February 14, 2018 / 10:33 AM / a year ago

Snowboarding: I need more air to catch White – Hirano

PYEONGCHANG, South Korea (Reuters) - With just one athlete left to go in the Olympic men’s halfpipe competition on Wednesday, Japan’s Ayumu Hirano had a gold medal in his hands.

Snowboarding - Pyeongchang 2018 Winter Olympics - Men's Halfpipe Finals - Phoenix Snow Park – Pyeongchang, South Korea - February 14, 2018 - Silver medallist Ayumu Hirano of Japan. REUTERS/Issei Kato

Unfortunately for the 19-year-old, that man was Shaun White.

The American delivered when it mattered as he has done so many times in his illustrious career with a stunning run to score 97.75, overtaking Hirano’s 95.25 to win his third Olympic title.

As White’s result was announced, Hirano looked devastated but the Japanese, who also won silver in Sochi four years ago aged 15, said he just had to accept that White out-classed him on the day.

“I do think the judging was fair and it was the right result,” Hirano told Reuters. “Shaun deserved to win with his performance today.”

Australian Scotty James, who claimed the bronze medal, had been critical of the judging coming into the Olympics, particularly with regard to White’s perfect score of 100 at last month’s U.S. Grand Prix.

“It could have gone either way between Shaun and Ayumu. If you look back at the details it would be interesting to see,” he said. “Shaun knows these moments and just delivers.”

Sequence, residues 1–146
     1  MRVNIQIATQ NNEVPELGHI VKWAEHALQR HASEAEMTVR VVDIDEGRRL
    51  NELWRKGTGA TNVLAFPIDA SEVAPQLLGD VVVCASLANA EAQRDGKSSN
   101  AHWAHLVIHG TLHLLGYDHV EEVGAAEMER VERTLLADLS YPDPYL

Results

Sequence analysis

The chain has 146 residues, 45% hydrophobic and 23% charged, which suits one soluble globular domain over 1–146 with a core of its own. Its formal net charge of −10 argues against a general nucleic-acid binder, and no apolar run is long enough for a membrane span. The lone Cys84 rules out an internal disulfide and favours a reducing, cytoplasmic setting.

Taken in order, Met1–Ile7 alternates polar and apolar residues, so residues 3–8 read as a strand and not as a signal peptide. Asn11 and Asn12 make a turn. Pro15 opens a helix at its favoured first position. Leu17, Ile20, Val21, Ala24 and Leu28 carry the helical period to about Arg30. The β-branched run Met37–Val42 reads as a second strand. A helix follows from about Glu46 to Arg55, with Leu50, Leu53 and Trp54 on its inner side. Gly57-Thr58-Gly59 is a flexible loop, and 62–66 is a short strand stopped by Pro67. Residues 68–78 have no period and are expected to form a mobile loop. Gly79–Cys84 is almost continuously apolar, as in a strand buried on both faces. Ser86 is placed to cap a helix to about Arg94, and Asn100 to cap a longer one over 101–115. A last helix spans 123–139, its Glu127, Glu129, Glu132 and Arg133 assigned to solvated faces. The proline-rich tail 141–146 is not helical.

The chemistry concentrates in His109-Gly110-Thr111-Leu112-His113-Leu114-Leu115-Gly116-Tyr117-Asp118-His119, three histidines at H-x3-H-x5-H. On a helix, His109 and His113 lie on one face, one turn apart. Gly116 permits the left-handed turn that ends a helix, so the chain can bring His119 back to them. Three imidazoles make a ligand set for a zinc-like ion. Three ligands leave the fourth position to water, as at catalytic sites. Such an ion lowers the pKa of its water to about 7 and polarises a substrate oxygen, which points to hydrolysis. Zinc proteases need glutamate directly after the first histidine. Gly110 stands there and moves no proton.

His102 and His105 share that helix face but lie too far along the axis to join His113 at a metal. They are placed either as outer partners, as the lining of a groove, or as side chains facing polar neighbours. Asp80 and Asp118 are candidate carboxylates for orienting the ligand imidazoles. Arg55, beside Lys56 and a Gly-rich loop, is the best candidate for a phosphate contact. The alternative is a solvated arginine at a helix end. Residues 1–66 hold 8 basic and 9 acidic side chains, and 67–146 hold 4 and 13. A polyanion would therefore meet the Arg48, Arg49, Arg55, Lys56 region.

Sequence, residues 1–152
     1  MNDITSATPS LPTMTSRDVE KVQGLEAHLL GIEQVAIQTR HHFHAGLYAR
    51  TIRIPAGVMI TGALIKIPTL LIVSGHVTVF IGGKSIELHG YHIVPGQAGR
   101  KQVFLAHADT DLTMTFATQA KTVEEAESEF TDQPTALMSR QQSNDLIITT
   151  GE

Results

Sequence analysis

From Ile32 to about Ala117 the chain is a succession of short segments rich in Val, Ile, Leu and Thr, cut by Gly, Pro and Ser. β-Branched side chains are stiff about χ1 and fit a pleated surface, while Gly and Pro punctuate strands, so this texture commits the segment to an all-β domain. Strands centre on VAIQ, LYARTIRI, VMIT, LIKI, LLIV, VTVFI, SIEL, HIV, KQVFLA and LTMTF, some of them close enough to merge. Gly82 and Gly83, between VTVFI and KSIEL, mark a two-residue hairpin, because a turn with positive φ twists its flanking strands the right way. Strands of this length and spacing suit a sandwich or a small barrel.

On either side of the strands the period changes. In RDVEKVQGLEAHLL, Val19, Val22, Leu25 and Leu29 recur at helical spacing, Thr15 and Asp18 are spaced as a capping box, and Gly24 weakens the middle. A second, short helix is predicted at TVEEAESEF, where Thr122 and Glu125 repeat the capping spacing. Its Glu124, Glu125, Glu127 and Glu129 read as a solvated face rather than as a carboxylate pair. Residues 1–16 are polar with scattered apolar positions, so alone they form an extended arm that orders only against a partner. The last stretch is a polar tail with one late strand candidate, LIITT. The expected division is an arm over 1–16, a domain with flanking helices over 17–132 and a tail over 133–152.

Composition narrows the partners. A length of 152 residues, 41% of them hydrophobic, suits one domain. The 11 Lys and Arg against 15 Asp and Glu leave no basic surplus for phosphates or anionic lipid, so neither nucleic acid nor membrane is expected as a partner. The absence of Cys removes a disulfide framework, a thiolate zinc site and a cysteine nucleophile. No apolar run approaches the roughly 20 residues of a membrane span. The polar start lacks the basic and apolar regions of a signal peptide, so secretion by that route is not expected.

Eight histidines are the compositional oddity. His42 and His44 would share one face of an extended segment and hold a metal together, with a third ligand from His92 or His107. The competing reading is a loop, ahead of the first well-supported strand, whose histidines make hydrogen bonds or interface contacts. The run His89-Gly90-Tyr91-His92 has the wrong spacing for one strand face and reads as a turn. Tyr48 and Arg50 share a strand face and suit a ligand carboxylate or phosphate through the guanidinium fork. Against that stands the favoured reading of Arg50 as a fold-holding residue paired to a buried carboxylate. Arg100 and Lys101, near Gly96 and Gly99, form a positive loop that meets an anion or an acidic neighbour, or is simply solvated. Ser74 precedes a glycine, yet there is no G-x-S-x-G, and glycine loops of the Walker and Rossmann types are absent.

Hirano admitted there was not much more he could do to score higher than 95.25 and was already looking ahead to competing with White in years to come.

“The run I laid down today was the hardest possible that I could do, so next time I just need to execute them better, that is all,” Hirano said.

“Shaun just gets more air on his tricks, which is the main difference between us.

“I will take a little break and then I need to focus on what I need to do in order to improve to get to the gold level.”

Aged 19 and with two Olympic medals under his belt, Hirano has the snowboarding world at his feet.

However, a little part of him must be hoping that the 31-year-old White, his nemesis on the biggest stage of all, does not deliver on his promise to compete again in Beijing in four years time.

Reporting by Jack Tarrant, editing by Ed Osmond

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